Black out the room and use a lamp with a very bright small filament to illuminate the motor-driven disc.
Place a converging lens to form a real image of the filament of the lamp on the stroboscope disc.
Now rotate the stroboscope disc, so that light flashes on the rotating disc at a rate that ‘stops’ the motion of the arrow.
This shows an alternative method to rotating the stroboscope in front of the eye.
Students measure mains frequency using a xenon stroboscope
Set up a large neon lamp on AC mains. Do this experiment in daylight so that the lamp is visible even when the neon glow is not.
Gradually increase the rate of flashing of the xenon stroboscope, until the lamp seems always to be ‘on’. This will be twice mains frequency, i.e. 100 per second, as the lamp lights with each voltage pulse.
If a student cannot see the stopped motion, you can help her/him by working the stroboscope, looking through one side of it while s/he looks through the other.
Hand stroboscopes are difficult to turn at high and low speeds. To show the effect of turning the stroboscope at half speed, and twice and three times the correct speed, you will need to run the motor at different speeds. Furthermore, at low speeds the white arrow becomes very spread out and indistinct, particularly at the edge of the disc where it is travelling fast.
It’s easy to rotate the stroboscope at the wrong speed when measurements are being taken:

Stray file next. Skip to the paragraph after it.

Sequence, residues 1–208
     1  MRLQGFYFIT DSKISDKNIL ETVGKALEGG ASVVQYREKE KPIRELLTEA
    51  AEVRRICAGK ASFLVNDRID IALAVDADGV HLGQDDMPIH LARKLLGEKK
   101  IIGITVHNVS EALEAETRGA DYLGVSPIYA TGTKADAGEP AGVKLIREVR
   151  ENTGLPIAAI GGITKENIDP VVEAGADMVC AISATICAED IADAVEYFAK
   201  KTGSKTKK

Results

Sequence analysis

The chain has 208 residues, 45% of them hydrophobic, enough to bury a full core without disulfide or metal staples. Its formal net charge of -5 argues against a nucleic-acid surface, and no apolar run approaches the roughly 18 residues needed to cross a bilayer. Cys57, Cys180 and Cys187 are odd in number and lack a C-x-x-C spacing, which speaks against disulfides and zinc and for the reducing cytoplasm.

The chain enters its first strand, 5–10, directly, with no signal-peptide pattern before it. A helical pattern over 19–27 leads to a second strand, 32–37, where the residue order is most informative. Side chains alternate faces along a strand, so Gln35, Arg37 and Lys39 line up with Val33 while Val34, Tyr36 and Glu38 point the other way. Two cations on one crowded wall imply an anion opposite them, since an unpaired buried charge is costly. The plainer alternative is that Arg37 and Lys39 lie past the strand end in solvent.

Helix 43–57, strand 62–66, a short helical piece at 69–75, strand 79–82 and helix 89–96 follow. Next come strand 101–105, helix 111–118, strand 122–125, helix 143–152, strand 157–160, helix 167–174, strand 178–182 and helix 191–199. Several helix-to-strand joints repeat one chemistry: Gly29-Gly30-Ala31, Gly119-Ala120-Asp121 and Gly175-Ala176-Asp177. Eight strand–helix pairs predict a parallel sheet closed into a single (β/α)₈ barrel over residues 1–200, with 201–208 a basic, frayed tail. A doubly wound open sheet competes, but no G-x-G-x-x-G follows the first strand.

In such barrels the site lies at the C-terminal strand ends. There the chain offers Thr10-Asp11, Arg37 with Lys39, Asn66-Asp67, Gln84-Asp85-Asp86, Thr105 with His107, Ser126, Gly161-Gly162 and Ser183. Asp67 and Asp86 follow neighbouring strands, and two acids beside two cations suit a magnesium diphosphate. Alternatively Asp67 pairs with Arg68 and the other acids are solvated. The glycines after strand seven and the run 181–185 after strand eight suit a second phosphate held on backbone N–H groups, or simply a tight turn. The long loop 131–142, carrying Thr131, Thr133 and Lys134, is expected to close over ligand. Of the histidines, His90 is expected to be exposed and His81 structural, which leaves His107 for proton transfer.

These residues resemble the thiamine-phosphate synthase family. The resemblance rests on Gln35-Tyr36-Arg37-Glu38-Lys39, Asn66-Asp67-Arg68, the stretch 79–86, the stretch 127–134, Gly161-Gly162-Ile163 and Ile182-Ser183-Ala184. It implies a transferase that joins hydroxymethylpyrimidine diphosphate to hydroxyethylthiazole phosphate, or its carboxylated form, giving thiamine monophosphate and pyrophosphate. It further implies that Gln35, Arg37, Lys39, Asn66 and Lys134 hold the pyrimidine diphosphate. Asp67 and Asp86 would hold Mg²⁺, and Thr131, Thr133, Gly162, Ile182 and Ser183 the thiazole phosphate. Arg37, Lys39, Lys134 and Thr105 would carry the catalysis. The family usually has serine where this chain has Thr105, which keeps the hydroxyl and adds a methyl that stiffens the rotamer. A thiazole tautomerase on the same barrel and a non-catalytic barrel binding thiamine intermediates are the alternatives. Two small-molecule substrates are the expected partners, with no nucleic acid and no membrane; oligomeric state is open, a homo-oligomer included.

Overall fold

- Disc at 15 revolutions per second
It’s difficult to turn the 12-slit stroboscope slowly enough to see a single stationary arrow. But if the stroboscope is speeded up until it is twice as fast, three times as fast, and even four times as fast, a stationary pattern is seen.
- Disc at 50 revolutions per second
It’s possible to ‘stop’ the motion of the arrow by turning the stroboscope at the correct speed, at half this speed, and at one-third of this speed. It’s not, however, possible to check that the highest of these three speeds is the correct speed – it is too difficult to rotate the stroboscope fast enough to get the ‘twice-as-fast’ pattern.
Some examples for discussion or for student investigation:
1 Wagon wheels on the cinema screen.
2 A cinema screen itself through a stroboscope.
3 Fluorescent lighting or street lighting through a stroboscope (calculating its frequency would require a 24-slit hand stroboscope.)
4 Hi-fi turntables (for old-fashioned vinyl recordings) turn relatively slowly. Some models have a large number of radial white bars marked near the circumference. When the speed is correct, each bar moves ahead one place for each flash of the mains lighting (100 flashes/second).
5 A fan with several blades can be ‘stopped’ with various speeds of the stroboscope. If one blade has a white marker, however, it becomes apparent that many of these speeds do not give the actual speed of the fan.
6 Observe the back wheel of an inverted bicycle through the stroboscope. Many speeds of the stroboscope appear to stop the wheel if the spokes look alike.
This experiment was safety-checked in August 2006